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October 16, 2017 | by  | in Politics |
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The Party Line

As the youth representatives of your parties, who are currently in, or have just been through, tertiary education, what is your long-term vision for the tertiary sector in New Zealand?

 

Vic Labour

VicLabour recognises the world is changing. To enable success in this environment we must strive to reach the most highly-educated work force in the competitive global economy.

Universities, polytechnics, and trade apprenticeships should be cost free, with an increase in accessibility to student allowances, enabling us to focus on study rather than having to work. Universities would also be more specialised in particular fields like Otago for Health Sciences and Victoria for Law. More government funding to universities would reduce the need for tertiary education providers to advertise like a private company, reducing unnecessary competition thereby improving quality, because in the end, education is a public good.

Also screw STEM subjects — why do they get all the money? Let’s have every field get a fair amount of funding so areas like VUW’s language department don’t have to suffer through funding cuts by letting go of staff.

 

Young Nats — Lower North Island

With the ever-changing nature of work and a shifting productive economy, tertiary education needs to ensure it keeps pace with the world around it, not only in terms of equipping graduates with the skills they need to gain meaningful long-term employment, but also to be contributing members of an increasingly diverse and multicultural society.

However, achieving this has to be seen as a long term goal, with the student body alongside educators and university directors shaping the future of tertiary education. We want a system that makes New Zealand, and New Zealand graduates, even more competitive on the world stage and that helps unleash the potential of NZ creativity and innovation.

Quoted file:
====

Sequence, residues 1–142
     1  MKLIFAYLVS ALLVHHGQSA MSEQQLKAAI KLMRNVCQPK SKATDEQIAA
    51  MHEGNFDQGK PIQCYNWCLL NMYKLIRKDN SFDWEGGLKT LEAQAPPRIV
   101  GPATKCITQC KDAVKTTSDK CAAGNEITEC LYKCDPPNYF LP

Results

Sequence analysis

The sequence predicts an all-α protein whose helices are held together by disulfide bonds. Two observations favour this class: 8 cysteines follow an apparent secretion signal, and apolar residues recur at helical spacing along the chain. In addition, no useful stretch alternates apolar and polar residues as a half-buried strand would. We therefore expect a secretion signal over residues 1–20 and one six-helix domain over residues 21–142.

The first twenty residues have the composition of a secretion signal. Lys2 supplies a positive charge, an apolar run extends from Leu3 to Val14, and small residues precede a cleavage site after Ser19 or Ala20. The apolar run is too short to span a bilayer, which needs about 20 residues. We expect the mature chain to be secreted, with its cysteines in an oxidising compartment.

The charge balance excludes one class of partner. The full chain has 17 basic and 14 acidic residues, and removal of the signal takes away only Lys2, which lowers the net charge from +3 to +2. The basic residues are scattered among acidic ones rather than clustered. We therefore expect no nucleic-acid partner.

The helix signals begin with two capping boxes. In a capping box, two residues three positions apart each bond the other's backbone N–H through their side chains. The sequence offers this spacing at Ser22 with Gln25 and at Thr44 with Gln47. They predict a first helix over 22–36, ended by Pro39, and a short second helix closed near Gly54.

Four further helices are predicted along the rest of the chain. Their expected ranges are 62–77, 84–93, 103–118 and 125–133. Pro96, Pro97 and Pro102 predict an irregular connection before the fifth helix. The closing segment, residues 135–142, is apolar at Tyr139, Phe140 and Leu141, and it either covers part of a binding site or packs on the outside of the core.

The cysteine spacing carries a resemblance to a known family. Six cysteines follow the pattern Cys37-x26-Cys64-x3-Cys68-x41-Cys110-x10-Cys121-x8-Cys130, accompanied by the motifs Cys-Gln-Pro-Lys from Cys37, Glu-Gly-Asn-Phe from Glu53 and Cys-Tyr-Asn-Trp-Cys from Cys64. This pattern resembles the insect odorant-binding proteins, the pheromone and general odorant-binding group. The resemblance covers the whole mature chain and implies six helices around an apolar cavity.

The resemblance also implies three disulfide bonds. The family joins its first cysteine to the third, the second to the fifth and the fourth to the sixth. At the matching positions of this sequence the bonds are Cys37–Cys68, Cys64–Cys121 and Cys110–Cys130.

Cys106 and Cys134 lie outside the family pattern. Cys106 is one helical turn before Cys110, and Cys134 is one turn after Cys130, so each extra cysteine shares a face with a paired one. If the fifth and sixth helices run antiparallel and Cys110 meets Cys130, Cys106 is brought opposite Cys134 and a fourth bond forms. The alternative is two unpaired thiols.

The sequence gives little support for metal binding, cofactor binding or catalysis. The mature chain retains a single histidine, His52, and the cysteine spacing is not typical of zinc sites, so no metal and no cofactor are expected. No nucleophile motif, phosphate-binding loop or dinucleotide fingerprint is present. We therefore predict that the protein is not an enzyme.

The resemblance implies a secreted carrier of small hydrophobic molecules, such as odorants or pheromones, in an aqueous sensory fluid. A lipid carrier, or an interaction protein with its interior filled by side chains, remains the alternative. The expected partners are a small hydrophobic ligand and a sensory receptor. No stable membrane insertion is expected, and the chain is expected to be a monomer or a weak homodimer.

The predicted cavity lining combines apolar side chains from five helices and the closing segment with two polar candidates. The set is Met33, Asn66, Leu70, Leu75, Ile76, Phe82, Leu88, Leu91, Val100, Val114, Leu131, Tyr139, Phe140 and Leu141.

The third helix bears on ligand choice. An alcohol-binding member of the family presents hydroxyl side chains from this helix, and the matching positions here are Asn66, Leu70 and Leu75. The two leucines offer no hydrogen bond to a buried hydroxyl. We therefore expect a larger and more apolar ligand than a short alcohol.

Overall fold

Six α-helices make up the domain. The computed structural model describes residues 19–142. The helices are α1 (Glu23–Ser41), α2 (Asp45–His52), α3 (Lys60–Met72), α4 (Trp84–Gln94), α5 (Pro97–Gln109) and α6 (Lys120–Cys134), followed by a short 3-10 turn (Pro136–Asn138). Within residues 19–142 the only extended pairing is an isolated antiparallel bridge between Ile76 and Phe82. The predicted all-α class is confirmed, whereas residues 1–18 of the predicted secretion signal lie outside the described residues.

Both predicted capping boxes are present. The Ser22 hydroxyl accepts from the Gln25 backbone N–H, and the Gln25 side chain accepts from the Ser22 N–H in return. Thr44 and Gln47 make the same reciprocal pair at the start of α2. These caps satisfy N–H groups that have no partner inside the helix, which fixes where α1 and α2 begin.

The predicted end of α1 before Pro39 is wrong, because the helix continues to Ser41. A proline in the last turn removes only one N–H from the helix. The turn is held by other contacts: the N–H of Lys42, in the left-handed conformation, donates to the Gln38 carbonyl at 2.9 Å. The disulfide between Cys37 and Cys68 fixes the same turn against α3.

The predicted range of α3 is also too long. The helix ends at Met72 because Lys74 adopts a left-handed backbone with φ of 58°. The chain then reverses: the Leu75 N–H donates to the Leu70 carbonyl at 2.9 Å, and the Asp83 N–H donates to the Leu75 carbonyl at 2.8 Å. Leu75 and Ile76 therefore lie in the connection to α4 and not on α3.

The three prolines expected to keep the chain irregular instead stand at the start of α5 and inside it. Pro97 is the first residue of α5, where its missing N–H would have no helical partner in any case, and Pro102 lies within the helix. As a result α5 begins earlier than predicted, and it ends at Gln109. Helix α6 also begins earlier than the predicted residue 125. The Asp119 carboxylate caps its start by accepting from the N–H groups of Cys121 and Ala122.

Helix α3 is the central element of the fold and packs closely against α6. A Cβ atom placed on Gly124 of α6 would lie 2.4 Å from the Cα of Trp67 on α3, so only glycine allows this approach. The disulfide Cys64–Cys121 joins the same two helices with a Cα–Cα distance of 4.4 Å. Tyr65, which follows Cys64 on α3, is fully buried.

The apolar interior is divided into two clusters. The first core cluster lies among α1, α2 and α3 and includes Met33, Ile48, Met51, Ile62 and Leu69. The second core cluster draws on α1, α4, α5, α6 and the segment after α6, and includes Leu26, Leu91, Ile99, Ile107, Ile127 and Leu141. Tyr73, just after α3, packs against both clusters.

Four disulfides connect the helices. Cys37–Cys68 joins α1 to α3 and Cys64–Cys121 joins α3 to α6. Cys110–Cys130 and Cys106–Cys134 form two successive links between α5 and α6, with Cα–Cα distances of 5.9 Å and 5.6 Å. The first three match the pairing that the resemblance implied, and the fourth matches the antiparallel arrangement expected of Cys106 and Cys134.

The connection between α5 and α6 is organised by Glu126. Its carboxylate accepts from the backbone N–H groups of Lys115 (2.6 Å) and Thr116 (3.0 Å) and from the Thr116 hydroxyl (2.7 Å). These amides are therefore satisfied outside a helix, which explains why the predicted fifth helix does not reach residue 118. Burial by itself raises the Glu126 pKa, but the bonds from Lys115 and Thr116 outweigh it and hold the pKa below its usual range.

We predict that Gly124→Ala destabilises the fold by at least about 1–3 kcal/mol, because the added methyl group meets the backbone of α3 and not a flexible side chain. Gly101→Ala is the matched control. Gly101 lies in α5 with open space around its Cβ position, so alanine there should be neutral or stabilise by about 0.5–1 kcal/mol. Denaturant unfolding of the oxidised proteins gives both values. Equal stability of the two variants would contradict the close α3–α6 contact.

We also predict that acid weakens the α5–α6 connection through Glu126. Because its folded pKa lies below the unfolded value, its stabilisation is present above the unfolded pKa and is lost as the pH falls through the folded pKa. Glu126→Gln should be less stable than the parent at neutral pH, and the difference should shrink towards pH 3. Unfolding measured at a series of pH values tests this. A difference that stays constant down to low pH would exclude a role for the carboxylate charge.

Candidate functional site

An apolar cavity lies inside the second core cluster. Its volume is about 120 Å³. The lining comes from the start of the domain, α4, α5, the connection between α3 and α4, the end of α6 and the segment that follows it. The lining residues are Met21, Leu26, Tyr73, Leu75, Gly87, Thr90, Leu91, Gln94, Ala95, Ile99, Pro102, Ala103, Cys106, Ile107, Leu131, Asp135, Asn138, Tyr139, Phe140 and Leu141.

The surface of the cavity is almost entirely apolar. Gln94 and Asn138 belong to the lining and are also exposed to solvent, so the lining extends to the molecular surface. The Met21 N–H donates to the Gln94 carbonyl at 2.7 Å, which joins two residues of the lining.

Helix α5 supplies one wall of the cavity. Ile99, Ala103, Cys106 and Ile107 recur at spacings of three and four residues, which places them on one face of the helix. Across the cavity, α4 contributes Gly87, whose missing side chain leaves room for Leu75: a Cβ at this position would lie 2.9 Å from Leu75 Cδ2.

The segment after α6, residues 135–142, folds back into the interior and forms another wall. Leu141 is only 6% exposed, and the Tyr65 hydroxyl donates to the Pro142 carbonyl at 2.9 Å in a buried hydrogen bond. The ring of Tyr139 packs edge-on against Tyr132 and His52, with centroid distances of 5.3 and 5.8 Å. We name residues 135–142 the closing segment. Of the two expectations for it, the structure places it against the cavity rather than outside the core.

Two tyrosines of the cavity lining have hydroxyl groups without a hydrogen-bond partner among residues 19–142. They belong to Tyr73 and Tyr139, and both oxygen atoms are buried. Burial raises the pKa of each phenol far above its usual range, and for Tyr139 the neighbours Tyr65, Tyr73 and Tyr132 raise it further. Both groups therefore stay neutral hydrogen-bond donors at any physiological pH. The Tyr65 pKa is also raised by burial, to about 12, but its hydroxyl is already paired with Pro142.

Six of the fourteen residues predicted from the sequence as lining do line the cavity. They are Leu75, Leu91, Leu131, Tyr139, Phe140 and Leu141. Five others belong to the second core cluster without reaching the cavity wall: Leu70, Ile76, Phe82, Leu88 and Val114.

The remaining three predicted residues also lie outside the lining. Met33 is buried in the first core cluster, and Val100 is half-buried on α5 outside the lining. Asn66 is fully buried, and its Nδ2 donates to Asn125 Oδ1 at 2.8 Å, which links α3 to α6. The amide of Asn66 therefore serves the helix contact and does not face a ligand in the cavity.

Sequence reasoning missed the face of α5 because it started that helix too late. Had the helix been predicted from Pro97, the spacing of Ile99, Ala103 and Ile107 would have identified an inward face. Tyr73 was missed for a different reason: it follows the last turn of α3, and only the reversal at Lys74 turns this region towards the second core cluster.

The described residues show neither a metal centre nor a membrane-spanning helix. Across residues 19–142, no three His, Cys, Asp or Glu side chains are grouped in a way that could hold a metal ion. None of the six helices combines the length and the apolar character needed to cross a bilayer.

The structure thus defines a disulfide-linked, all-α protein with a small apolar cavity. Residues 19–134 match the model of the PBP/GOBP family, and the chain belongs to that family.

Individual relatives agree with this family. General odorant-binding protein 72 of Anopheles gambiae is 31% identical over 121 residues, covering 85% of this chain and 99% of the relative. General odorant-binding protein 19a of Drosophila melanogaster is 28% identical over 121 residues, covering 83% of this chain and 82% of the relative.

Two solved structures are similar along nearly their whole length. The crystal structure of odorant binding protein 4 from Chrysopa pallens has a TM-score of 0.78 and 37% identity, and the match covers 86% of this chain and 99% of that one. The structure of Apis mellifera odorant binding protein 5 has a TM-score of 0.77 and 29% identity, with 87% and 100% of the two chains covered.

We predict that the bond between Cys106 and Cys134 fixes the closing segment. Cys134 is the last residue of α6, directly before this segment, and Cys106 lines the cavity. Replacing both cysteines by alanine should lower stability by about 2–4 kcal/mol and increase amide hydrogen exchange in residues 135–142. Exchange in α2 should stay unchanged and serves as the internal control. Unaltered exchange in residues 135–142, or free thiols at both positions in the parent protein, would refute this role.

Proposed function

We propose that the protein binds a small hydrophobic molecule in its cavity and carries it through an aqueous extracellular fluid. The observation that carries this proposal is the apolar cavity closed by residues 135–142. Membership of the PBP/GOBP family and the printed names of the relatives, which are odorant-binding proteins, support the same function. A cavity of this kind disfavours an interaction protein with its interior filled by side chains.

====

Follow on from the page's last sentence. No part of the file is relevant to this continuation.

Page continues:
Tertiary education is ever evolving and we look forward to the shape that it takes in the future

— Sam Stead

 

Greens at Vic

Tertiary education has come under sustained attack in the last 33 years. The introduction of student loans; voluntary instead of opt-out student unionism; cutting funds to student unions; ensuring that the student allowance is means-tested and is not enough money to live on — these are merely some of the ways that the neoliberal assault on the university has manifested.  

Successive governments have had the agenda of stifling student activism and forcing students to live life worrying about debt and our future prospects. Rather than focusing on changing the world, they have succeeded in depoliticising the student population.  

Greens at Vic believe that students have a vital role as the conscience of society. To reclaim our place as that bold progressive voice, students must rise up to demand free education for all, compulsory, well-funded and properly politicised student unions, and a universal student allowance which is actually enough money to live on. To do this we need to start a movement to end the neoliberal university and fight for a progressive future!  

— Elliot Crossan, Young Greens Co-Convenor

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About the Author ()

Salient is a magazine. Salient is a website. Salient is an institution founded in 1938 to cater to the whim and fancy of students of Victoria University. We are partly funded by VUWSA and partly by gold bullion that was discovered under a pile of old Salients from the 40's. Salient welcomes your participation in debate on all the issues that we present to you, and if you're a student of Victoria University then you're more than welcome to drop in and have tea and scones with the contributors of this little rag in our little hideaway that overlooks Wellington.

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